Overview of Transformers

Tue, Mar 24, 2009

Building Basics

Ever walk by a strange closet in your office building, and hear a humming sound? Thought maybe there is a monster in the closet? Most likely the closet contained a transformer.

Transformers are the beasts that make sure that the electricity that gets to the outlet is of proper strength. Assume that lots of power comes into a building from the street, and transformers ‘transform’ the electricity into usable quantities.

When a transformer gets old, they break down and begin to whistle. You have most likely heard the transformer rattle at an old office building. My experience is that transformers don’t get replaced until they go bad, and finding a 20-30 year old transformer is not unusual. Transformers in a building can start at $5,000 per, and go up and over $100K, depending on the use.

Some transformers are more energy efficient than others. How do you figure out what the best purchase is? Too often companies compare purchase price, rather than looking at lifecycle costs. Looking at lifecycle costs accounts for the cost of ownership. This is the calculation that drives people to buy CFL bulbs. A CFL bulb costs more than a regular bulb, but the higher cost comes with the benefits of a much lower energy bill. So while a CFL costs more, to decide whether to purchase one, you need to account for what it saves.

Transformers are the same way. Just as with light bulbs, the better transformers save money for building ownership over time. Perhaps because they cost so much, my experience is that companies tend to ignore cost of ownership issues when purchasing transformers.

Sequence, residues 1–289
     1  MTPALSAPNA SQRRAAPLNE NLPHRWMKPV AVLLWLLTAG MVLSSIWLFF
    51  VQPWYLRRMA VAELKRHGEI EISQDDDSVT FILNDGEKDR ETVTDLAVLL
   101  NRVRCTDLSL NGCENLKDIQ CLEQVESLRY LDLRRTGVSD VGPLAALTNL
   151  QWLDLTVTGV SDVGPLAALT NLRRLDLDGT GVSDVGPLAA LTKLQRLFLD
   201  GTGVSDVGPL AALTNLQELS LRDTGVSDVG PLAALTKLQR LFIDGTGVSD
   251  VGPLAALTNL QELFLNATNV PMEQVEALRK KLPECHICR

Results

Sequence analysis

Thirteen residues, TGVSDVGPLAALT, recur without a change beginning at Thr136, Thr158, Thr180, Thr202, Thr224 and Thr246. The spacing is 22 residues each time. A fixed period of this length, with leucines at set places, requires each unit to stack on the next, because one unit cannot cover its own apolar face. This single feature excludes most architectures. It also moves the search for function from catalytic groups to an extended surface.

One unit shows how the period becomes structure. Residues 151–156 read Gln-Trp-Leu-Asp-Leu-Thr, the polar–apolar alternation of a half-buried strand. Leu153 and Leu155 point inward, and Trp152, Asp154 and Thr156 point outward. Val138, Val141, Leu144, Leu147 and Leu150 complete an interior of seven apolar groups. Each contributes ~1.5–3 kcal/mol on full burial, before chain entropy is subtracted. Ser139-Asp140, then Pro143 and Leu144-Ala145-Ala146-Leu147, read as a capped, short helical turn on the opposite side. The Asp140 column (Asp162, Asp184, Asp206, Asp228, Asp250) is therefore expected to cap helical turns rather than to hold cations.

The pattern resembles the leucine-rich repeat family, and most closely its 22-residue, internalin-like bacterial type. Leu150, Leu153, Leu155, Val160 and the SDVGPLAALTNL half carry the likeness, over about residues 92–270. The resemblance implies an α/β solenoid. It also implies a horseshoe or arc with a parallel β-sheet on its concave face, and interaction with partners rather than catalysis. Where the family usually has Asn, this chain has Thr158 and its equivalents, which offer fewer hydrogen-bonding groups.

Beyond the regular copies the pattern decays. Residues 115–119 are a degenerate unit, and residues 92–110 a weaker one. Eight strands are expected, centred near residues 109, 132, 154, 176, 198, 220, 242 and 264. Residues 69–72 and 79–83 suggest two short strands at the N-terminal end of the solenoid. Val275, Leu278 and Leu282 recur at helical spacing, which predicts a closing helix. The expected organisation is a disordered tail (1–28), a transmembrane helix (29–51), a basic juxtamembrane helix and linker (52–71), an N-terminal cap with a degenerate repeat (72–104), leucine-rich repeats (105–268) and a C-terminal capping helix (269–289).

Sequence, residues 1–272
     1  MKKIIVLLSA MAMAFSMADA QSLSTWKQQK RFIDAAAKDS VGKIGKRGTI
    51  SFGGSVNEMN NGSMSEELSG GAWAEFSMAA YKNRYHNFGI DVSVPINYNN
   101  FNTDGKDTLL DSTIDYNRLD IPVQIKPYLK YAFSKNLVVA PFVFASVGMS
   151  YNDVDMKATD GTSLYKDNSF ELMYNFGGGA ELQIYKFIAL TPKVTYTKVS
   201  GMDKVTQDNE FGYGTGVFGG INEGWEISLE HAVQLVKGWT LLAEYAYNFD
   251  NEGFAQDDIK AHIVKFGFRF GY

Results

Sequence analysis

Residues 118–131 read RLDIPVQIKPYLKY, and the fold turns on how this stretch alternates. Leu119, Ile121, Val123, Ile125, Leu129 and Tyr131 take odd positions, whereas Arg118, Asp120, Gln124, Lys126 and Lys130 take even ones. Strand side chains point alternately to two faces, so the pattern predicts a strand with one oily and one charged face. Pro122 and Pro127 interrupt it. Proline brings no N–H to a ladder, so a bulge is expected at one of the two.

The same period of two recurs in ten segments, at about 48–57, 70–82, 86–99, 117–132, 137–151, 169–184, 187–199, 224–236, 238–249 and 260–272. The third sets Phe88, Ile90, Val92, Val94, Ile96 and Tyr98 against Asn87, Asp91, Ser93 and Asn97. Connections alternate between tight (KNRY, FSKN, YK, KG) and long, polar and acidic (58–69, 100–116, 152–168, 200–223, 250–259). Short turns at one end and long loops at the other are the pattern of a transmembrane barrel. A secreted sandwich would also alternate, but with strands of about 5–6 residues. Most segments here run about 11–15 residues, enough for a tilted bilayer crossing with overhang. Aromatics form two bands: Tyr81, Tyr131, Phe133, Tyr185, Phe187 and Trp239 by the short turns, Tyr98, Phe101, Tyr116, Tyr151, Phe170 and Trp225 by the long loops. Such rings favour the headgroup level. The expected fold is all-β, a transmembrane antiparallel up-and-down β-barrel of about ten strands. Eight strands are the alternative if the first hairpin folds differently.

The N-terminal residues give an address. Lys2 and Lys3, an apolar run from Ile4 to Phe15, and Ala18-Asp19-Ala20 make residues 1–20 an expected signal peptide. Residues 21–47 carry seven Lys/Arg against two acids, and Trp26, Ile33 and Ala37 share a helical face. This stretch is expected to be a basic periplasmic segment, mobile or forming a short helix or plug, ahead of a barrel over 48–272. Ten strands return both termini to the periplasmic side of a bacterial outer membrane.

My experience is that transformers that are non-linear – rated for modern use – are the most efficient. Early transformers were designed for the steady loads that existed before computers and other office electronics. ‘Modern’ transformers are built to handle these loads.

The challenge is that it is very hard to compare cost / benefit on different transformers. You need a very knowledgeable vendor – one who understand lifecycle pricing, and ideally, one who sells both types.

Just drawing on my limited experience, I have seen numbers where energy efficient transformers will payback their extra cost within 3-5 years, and maybe sooner. There are a bunch of variables, but the biggest variable is how much of a rebate can you get from the government. Considering how long these things tend to stick around, it is likely that the money you spend to get energy efficiency will be money well spent. The purchase could also help you earn some LEED points.

If you have a long-term relationship with your building as either an owner or a tenant, don’t forget the buzzing monster in the closet. Ignore it at your own expense.

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